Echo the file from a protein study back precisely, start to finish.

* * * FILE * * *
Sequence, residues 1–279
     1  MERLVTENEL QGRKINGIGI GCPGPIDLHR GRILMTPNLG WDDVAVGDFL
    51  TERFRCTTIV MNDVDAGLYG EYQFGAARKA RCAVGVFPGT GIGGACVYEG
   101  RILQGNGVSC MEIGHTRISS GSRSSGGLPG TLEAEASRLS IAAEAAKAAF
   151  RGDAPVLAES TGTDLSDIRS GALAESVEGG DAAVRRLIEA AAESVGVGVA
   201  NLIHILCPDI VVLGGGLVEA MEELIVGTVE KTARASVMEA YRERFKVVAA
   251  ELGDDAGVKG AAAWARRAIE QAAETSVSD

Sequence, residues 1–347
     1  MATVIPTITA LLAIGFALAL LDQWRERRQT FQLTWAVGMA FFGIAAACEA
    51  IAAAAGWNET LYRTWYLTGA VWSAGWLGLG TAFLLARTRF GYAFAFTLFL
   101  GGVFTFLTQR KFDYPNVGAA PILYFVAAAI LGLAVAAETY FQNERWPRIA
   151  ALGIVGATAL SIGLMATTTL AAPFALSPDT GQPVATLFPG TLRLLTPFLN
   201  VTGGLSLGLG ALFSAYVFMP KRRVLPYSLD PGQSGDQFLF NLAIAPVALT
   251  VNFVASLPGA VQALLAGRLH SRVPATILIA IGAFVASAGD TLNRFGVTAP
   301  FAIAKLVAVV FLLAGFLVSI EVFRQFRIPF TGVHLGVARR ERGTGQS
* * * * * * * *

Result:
Sequence, residues 1–279
     1  MERLVTENEL QGRKINGIGI GCPGPIDLHR GRILMTPNLG WDDVAVGDFL
    51  TERFRCTTIV MNDVDAGLYG EYQFGAARKA RCAVGVFPGT GIGGACVYEG
   101  RILQGNGVSC MEIGHTRISS GSRSSGGLPG TLEAEASRLS IAAEAAKAAF
   151  RGDAPVLAES TGTDLSDIRS GALAESVEGG DAAVRRLIEA AAESVGVGVA
   201  NLIHILCPDI VVLGGGLVEA MEELIVGTVE KTARASVMEA YRERFKVVAA
   251  ELGDDAGVKG AAAWARRAIE QAAETSVSD

Sequence, residues 1–347
     1  MATVIPTITA LLAIGFALAL LDQWRERRQT FQLTWAVGMA FFGIAAACEA
    51  IAAAAGWNET LYRTWYLTGA VWSAGWLGLG TAFLLARTRF GYAFAFTLFL
   101  GGVFTFLTQR KFDYPNVGAA PILYFVAAAI LGLAVAAETY FQNERWPRIA
   151  ALGIVGATAL SIGLMATTTL AAPFALSPDT GQPVATLFPG TLRLLTPFLN
   201  VTGGLSLGLG ALFSAYVFMP KRRVLPYSLD PGQSGDQFLF NLAIAPVALT
   251  VNFVASLPGA VQALLAGRLH SRVPATILIA IGAFVASAGD TLNRFGVTAP
   301  FAIAKLVAVV FLLAGFLVSI EVFRQFRIPF TGVHLGVARR ERGTGQS